Pakistan's Lesson in Democracy

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Pakistani President Pervez Musharraf during a meeting of the National Security Council in Islamabad November 8, 2007

After increasing pressure from both the international community and his own people, Pakistani President General Pervez Musharraf announced today in Islamabad that elections would be held before February 15, and that he would soon be doffing his controversial military uniform. If the country didn't exactly erupt into shouts of jubilation, there was certainly a collective sigh of relief, as the announcement presages an end to a draconian regime of martial law that has plagued the country since Saturday. The White House responded with praise — "We think it is a good thing that President Musharraf has clarified the election date for the Pakistani people," White House spokeswoman Dana Perino said. But former Prime Minister Benazir Bhutto opted for a wait-and-see attitude. "We don't want vague and generalized statements," she told a press conference on the eve of a massive anti-emergency rally planned for Friday. "We want up-front answers."

While Musharraf was ready to make firm a date for parliamentary polls that would see the election of a new Prime Minister — a position most Pakistanis assume will be filled by the popular Bhutto — he was less definitive about when, exactly, he was planning to step down as chief of Pakistan's army.

For the past eight years Musharraf, who took power in a 1999 coup, has run the country as both President and general. That straddling of both offices — which many say contravenes Pakistan's constitution — was challenged in October when Musharraf won a second term as President with 98% of the vote in an election that was boycotted by the opposition. Musharraf had promised that he would step down as general before he was sworn in as President. But a Supreme Court ruling on the legitimacy of that election was still pending, and the court ordered that Musharraf could not be declared the winner — and thus be sworn in — before it came to a decision. Musharraf, apparently, wasn't willing to wait. On Saturday Musharraf declared emergency rule, sacked the Chief Justice, put the other justices under house arrest and shut down the country's independent television stations. While Musharraf announced that emergency law was necessary to contain the spread of extremism, his government's crackdown on lawyers, human rights campaigners, judges and media made it clear that his real target was a civil society and a judiciary willing — and increasingly able — to challenge his power.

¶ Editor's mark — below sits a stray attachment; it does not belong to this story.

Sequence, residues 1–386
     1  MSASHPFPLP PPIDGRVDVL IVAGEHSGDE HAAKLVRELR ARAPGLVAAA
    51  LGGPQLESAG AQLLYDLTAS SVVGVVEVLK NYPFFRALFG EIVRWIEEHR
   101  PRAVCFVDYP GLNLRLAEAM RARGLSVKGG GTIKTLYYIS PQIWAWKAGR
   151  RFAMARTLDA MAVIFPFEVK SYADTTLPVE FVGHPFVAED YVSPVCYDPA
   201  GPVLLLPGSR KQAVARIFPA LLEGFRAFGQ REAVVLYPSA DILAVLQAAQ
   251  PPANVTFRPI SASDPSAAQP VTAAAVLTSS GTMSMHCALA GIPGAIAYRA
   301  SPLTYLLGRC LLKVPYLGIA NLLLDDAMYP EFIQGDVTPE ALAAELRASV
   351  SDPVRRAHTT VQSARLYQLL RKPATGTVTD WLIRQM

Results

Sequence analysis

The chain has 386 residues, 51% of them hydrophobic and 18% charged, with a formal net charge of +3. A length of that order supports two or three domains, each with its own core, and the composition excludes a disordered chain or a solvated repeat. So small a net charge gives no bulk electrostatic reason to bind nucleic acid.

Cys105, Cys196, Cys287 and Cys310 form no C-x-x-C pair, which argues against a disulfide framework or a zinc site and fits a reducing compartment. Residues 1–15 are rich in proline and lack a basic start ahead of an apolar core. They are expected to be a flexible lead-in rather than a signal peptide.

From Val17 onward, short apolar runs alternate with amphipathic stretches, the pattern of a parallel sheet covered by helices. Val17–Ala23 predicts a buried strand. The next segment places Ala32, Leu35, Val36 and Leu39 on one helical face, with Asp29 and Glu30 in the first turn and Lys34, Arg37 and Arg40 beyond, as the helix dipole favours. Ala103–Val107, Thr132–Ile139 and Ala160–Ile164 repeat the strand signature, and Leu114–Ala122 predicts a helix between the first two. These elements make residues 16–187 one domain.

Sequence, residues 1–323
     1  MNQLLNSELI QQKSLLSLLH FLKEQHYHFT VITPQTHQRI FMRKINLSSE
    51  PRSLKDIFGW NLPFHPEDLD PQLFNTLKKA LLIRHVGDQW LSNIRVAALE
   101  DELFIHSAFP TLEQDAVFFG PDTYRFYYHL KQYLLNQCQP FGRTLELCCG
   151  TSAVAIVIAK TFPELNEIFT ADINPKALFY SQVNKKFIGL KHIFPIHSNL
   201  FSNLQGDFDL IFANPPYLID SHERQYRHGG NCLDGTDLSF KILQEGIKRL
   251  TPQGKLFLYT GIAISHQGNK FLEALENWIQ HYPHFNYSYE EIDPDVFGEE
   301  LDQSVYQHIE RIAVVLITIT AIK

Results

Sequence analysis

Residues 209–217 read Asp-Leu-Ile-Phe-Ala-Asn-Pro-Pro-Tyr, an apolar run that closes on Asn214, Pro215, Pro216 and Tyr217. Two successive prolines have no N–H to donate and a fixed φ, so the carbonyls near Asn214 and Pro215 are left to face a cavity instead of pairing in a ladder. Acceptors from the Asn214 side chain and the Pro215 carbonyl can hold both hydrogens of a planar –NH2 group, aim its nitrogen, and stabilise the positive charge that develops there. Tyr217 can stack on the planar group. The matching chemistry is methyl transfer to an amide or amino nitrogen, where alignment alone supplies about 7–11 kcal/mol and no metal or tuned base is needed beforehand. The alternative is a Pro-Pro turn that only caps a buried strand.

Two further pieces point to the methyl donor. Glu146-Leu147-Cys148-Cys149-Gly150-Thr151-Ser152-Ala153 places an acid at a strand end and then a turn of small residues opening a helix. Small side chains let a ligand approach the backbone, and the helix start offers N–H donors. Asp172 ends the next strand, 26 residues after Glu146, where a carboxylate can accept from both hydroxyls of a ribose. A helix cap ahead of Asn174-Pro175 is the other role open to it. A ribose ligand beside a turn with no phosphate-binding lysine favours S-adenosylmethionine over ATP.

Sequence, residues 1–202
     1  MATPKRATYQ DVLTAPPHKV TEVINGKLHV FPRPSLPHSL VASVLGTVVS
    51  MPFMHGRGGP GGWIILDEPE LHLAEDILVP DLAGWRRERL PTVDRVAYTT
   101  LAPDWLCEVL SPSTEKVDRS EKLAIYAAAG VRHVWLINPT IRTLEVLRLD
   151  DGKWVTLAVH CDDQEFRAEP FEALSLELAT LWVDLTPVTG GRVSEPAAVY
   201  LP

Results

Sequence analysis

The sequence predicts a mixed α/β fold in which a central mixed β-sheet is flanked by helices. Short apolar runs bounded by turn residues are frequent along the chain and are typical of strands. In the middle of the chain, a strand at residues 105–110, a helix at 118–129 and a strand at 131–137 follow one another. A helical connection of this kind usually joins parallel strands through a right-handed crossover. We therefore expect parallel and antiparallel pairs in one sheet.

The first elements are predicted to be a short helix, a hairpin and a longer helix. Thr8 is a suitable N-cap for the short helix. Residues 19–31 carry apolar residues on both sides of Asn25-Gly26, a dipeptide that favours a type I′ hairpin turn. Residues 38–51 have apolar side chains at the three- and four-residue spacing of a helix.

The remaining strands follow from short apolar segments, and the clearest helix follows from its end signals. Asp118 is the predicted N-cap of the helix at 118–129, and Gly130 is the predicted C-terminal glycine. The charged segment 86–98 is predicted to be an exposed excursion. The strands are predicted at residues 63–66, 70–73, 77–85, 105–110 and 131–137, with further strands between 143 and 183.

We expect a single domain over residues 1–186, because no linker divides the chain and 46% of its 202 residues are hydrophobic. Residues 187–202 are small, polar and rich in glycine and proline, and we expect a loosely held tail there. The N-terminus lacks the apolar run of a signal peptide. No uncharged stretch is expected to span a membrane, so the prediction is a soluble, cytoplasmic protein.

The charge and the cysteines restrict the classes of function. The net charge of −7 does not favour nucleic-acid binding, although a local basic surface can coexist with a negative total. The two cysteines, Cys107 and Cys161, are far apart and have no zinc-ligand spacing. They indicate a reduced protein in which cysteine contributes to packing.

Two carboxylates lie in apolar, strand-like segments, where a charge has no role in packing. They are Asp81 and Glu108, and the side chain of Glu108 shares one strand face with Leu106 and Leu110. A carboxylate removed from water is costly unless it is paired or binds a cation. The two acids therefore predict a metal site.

When asked about stepping down as army chief after today's announcement, Musharraf repeated the presiding judge's order not to announce the election results, and said that he would remove his uniform and take oath of office when the Supreme Court came to its decision. Never mind that a new Supreme Court has been hastily cobbled together from a gallery of judges willing to sign what amounts to an oath of allegiance to the government, while more than half of the original court languish under house arrest.

Bhutto, exhibiting a newly discovered resolve vis-à-vis Musharraf, with whom she had hoped to reach a power-sharing deal, declared his announcement insufficient, and demanded that he remove his uniform immediately. She said Musharraf should release the original judges and let "the real Supreme Court" decide on his legitimacy. "We will accept the decision of that Supreme Court, which will be constitutional and includes those judges who are detained," she said. Up until now, Bhutto has avoided all references to Pakistan's judiciary, focusing instead on elections and a call for civilian rule.

Some critics point out that Bhutto, who was awaiting a ruling on the constitutionality of an amnesty bill that would have absolved her from longstanding corruption charges, would have been perfectly content with Musharraf's more docile Supreme Court 2.0. But the people of Pakistan have grown to love their independent judiciary. Protests against Musharraf's emergency rule have been dominated by the country's black-suited lawyers, who have garnered immense respect for their tireless campaign for rule of law and a civilian President. Bhutto, it seems, has been forced to respond to the demands of her people over pursuing her own interests. Musharraf may have announced elections, but Bhutto is starting to understand democracy.